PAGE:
For BCIT’s 2012 Open House, we built a jQuery site which included registration and contest entry forms, a full program guide with wayfinding (maps), display check-in, authenticated planner and more.
What I did:
- business analysis & requirements
- IA, wireframes & prototypes
- project lead & testing lead
Analysis & Research
This project was necessarily low on research and requirements due to a very short time-frame. However, I have included it in my portfolio as it had some unique mobile features and represented a very intense and focused team effort. After some very quick research of event apps, we proposed a mobile/desktop experience using device GPS/maps for visitors to navigate and interact with the many events, amenities and displays in our Burnaby campus building locations.
Note: You can also see a very brief sample of the 2016 version of this on my WordPress page.
- Sortable display listings with maps and voting feature.
- Advance planner (save with Facebook).
- Events and amenities listings with maps.
- Advance online registration.
- Open House Challenge display check-in contest.
- Open House Live voting and social media feeds.
I decided to do an interactive, medium fidelity prototype using Axure, including early wireframes. This allowed me to plan both desktop and mobile flows and interfaces using our standard site Chrome for desktop and j-Query mobile UI elements. I was able to reach a reasonably good approximation of the final product fairly quickly for client sign-off to avoid rework and development pain.
Iteration, testing & feedback
- The client was involved in many design iteration sessions.
- Using both staff and student testers, we tested all main mobile features on all major device types to discover browser/OS issues. Several of our internal team went around campus wayfinding and testing the GPS accuracy.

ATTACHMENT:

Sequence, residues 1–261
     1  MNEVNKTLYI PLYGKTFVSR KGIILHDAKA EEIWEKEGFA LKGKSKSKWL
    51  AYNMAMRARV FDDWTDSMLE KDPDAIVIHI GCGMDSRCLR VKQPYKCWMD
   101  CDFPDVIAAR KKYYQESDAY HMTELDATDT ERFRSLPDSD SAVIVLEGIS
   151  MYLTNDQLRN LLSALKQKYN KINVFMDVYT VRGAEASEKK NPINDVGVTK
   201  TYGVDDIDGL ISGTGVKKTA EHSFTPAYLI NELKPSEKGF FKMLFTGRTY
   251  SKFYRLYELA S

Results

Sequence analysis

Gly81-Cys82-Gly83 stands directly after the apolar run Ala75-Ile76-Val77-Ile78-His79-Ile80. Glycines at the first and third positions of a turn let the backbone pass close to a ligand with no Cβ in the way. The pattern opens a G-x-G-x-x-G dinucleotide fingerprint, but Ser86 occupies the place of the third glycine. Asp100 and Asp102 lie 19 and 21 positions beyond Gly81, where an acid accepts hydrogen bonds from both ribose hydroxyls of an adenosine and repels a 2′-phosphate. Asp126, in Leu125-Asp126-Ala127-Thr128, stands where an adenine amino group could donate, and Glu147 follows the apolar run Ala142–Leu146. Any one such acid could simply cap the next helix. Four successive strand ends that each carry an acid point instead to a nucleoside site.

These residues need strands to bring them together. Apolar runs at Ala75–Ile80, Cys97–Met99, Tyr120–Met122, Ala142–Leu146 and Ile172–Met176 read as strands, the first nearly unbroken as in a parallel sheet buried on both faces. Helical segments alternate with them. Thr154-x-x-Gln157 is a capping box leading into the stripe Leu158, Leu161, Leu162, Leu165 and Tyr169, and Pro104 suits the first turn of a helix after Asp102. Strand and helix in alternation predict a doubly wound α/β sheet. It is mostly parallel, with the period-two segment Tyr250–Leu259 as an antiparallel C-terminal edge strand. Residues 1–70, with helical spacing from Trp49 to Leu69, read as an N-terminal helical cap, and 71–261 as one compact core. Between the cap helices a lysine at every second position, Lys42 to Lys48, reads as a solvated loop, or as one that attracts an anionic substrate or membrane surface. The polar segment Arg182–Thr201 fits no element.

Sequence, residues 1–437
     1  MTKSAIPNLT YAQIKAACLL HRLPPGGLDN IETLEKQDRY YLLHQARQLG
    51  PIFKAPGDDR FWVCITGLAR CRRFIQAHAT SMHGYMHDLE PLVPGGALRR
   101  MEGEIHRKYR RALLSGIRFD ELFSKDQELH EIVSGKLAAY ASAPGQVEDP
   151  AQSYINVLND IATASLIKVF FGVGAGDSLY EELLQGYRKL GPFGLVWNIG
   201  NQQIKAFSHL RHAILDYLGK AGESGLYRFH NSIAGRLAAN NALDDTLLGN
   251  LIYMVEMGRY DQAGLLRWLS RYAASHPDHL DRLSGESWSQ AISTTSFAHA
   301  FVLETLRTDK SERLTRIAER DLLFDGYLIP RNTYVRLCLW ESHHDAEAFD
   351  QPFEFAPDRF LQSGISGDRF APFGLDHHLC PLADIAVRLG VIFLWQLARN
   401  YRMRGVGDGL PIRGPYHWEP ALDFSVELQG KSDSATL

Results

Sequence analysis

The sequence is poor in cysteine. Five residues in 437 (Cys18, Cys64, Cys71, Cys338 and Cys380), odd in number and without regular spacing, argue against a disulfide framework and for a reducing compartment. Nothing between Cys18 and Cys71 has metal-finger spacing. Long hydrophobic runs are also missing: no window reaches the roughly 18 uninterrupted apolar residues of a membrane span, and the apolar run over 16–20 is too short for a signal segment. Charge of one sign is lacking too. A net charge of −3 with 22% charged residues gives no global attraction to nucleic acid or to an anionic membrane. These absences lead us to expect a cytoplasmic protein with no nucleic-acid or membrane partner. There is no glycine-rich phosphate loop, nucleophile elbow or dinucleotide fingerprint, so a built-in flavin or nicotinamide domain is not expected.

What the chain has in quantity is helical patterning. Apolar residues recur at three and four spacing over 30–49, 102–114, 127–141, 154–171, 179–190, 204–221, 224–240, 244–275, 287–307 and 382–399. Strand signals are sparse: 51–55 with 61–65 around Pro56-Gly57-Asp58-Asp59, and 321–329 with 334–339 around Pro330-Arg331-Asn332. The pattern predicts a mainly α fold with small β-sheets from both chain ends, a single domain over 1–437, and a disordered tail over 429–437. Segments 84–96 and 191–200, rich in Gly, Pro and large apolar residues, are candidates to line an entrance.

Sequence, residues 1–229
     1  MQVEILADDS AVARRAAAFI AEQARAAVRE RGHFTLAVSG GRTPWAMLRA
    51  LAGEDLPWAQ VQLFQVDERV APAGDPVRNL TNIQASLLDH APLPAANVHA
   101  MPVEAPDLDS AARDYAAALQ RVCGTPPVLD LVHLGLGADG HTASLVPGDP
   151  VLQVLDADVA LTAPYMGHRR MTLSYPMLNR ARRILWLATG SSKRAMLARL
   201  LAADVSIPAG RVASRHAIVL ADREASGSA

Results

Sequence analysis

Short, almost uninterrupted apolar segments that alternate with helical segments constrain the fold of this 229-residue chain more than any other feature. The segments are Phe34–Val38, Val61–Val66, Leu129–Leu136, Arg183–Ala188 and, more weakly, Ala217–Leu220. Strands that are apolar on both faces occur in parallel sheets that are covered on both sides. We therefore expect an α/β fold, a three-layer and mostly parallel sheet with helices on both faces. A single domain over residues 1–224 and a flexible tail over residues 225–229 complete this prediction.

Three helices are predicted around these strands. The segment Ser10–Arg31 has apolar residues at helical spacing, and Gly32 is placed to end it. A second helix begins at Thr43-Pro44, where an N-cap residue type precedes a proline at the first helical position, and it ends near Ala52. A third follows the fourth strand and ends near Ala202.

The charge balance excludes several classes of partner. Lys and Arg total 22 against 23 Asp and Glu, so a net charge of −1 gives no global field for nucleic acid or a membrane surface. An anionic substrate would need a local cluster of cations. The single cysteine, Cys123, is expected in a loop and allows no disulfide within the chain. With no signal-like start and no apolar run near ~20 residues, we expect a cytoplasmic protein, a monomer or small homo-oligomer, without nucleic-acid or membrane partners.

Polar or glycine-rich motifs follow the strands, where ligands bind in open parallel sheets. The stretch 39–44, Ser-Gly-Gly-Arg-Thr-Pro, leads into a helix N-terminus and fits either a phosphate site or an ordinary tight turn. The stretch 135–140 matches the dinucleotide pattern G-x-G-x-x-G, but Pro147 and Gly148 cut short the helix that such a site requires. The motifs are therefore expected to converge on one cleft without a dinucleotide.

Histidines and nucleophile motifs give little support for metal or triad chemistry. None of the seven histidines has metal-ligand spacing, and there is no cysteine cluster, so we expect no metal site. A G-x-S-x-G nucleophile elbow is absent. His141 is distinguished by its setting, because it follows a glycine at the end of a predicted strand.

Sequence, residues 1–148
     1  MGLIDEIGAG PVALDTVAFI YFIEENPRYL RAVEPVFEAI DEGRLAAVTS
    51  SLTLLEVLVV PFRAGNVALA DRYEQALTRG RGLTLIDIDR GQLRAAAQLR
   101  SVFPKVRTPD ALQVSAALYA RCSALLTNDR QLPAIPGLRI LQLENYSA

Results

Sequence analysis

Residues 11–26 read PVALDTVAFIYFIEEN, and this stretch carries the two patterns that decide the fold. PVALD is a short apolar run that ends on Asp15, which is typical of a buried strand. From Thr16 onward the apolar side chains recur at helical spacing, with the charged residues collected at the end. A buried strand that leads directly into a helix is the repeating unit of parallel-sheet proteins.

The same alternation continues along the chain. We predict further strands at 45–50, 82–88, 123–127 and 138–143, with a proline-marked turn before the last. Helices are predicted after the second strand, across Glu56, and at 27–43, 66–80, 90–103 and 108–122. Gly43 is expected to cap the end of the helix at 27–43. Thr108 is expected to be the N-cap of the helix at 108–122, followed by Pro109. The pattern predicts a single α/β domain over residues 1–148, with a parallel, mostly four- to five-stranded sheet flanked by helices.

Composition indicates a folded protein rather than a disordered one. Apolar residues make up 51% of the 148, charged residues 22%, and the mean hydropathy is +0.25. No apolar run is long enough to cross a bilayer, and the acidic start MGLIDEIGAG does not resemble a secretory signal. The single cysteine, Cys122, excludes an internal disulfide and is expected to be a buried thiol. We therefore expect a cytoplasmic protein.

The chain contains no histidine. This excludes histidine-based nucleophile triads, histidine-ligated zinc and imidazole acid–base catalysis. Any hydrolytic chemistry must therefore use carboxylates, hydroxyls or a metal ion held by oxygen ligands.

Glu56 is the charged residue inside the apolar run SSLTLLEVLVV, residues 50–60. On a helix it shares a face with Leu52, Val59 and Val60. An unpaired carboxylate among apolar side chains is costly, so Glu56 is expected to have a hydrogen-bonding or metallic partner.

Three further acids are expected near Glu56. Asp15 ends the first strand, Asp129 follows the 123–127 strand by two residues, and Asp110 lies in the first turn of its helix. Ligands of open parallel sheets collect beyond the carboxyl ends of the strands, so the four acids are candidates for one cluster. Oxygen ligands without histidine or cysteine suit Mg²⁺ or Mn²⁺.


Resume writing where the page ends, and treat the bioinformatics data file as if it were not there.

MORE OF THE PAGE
- As this project was very content-heavy, there was a lot of back-and-forth client expectation and scope management involved for me.
If a picture says 1000 words, this video of the final product in action on an iPhone must have a lot to say.
We didn’t get a lot of deep analytics and, unfortunately, promotion during the Open House event was very ‘in-person’ and paper-based. However, we saw a number of people using the mobile site to check in at the various displays with the PINs, and to vote for displays/events on their devices, but this didn’t translate to contest entries once the criteria had been met. As we encourage but don’t enforce advance registration, that saw little uptake as well. So, anecdotally, the application was being used, but the key conversions were typically not being hit on devices. Perhaps the best outcome was for my team. We gained valuable experience building specifically for mobile. A key learning was that none of us really wants to use j-Query mobile for major development.